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Certain lifestyle behaviors may increase the risk of colorectal cancer in males. piola666/Getty Images
  • Colorectal cancer is the third most common cancer worldwide but it is largely preventable, and rates are decreasing in older people.
  • However, colorectal cancer cases in younger people are increasing.
  • A new study has identified seven risk factors that increase the risk of colorectal cancer in younger men.
  • The authors recommend colorectal cancer screening for men under age 45 who are at higher risk.

After breast and lung cancer, colorectal cancer is the third most common cancer worldwide. And only lung cancer causes more deaths. In the United States alone, more than 150,000 people are estimated to be diagnosed with colorectal cancer each year.

Colorectal cancer is most frequently diagnosed in people over the age of 45, with the median age of diagnosis being 66. According to the American Cancer Society, colorectal cancer cases and deaths in older people are decreasing, in part due to widespread screening of those over 50, and the removal of pre-cancerous growths called polyps.

Although the risk of developing colorectal cancer is low for those under the age of 45, the number of cases and deaths in younger people has been increasing since the 1990s.

Now, a study of U.S. veterans has discovered a number of factors that are associated with an increased risk of early-onset colorectal cancer in men. The authors suggest that targeted screening might help prevent some cases.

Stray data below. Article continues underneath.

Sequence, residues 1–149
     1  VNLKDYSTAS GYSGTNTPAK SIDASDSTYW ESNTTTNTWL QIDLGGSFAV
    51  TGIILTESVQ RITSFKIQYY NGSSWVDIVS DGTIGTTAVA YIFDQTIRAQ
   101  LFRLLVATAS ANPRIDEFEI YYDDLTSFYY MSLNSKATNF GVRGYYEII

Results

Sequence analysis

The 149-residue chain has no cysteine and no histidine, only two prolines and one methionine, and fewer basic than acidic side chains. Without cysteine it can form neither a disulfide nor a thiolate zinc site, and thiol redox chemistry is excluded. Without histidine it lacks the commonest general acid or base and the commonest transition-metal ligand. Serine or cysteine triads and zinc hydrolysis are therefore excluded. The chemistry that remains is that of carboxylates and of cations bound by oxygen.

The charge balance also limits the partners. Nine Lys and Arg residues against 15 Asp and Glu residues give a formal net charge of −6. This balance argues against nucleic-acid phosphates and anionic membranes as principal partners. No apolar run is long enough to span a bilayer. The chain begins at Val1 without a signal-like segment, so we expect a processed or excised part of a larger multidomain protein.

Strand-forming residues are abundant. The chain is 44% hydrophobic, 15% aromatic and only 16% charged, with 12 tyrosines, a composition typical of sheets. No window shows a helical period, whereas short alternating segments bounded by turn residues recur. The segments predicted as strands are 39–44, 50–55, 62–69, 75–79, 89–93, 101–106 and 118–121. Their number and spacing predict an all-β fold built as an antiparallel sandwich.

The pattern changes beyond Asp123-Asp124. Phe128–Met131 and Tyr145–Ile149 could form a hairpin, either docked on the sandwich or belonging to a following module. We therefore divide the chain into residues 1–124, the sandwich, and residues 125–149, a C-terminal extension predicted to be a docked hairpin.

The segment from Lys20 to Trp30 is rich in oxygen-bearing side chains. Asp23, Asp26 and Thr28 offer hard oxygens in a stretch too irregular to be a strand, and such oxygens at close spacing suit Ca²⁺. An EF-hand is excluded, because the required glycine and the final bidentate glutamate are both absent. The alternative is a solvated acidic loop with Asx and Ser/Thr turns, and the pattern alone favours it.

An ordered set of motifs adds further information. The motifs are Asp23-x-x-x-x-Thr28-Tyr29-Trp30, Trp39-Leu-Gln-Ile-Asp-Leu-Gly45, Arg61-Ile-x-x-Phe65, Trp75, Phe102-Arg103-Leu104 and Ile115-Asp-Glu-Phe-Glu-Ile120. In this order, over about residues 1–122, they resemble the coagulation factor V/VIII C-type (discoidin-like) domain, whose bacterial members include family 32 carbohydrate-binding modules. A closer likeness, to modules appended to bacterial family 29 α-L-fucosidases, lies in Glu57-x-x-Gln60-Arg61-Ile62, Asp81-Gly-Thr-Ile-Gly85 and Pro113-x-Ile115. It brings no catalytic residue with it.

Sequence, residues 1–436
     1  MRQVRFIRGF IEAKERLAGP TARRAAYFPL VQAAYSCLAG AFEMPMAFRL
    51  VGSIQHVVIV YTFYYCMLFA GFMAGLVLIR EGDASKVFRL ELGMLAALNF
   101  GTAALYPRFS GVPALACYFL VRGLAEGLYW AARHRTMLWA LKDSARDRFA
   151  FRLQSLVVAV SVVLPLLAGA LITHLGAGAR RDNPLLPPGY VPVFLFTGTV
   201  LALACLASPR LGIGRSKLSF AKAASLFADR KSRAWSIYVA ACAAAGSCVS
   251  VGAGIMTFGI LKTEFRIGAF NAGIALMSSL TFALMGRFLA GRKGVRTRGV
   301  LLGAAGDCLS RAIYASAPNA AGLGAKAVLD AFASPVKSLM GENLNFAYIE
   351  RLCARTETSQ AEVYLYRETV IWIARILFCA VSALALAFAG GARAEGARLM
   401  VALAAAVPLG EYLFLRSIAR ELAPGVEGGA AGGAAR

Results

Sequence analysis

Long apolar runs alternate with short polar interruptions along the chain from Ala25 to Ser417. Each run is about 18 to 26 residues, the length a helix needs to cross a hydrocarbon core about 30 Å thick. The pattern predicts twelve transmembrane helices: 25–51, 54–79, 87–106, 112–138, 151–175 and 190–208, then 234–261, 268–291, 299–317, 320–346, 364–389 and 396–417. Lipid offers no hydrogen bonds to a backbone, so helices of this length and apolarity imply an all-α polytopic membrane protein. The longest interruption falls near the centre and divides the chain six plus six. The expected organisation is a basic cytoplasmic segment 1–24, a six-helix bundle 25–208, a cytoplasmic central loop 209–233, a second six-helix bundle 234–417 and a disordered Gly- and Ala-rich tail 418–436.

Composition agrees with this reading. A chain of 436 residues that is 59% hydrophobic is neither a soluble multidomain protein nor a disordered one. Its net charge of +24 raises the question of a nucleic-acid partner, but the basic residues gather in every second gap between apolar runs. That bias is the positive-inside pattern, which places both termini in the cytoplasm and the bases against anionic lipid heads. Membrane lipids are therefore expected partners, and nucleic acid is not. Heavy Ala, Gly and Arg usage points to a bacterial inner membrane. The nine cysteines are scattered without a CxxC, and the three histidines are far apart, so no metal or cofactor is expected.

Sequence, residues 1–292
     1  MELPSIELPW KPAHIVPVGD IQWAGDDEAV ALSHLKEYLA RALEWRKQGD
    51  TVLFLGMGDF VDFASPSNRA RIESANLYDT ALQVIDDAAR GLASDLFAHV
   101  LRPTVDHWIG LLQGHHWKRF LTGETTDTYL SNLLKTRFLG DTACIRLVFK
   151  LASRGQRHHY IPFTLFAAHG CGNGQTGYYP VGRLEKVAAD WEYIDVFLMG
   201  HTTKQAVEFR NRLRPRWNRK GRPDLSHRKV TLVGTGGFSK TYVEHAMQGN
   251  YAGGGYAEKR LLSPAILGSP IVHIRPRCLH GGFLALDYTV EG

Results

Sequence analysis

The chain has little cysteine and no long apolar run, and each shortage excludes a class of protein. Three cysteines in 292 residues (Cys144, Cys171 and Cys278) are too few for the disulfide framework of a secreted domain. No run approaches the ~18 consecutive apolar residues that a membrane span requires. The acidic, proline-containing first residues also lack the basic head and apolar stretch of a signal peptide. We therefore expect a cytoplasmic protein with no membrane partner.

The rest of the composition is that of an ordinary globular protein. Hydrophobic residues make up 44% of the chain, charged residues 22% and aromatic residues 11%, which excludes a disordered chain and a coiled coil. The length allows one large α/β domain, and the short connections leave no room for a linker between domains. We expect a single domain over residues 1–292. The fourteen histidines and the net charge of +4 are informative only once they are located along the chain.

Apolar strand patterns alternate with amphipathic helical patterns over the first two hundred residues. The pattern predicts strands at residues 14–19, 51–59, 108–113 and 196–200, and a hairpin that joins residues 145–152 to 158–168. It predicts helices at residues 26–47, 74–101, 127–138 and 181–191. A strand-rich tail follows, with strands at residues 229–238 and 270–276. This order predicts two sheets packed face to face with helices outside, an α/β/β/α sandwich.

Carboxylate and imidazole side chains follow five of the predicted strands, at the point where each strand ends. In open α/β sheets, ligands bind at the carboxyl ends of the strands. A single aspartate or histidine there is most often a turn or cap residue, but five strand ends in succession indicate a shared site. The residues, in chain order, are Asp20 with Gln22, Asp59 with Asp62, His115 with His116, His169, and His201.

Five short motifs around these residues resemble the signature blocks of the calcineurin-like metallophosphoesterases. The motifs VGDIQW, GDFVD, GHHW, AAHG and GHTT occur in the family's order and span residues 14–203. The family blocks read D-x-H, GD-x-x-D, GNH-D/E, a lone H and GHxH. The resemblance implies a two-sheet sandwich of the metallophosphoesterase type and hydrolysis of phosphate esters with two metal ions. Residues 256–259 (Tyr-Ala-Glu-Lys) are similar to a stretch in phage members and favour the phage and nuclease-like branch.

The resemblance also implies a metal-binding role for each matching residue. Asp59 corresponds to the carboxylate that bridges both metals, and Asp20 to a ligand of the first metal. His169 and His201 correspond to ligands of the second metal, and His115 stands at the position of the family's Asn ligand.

The study is published in Cancer Prevention Research.

“Although there is a rapid increase in young people being diagnosed with colorectal cancer, the cause is unknown. In young men, colorectal cancer is now the leading cause of cancer-related deaths. Since the majority of CRC is preventable through screening, this study presents information that may be helpful to determine which young men should be screened for colorectal cancer.”

Dr. Anton Bilchik, Ph.D., professor of surgical oncology and division chair of general surgery at Providence Saint John’s Health Center and chief of general surgery and director of the Gastrointestinal and Hepatobiliary Program at Saint John’s Cancer Institute in Santa Monica, California.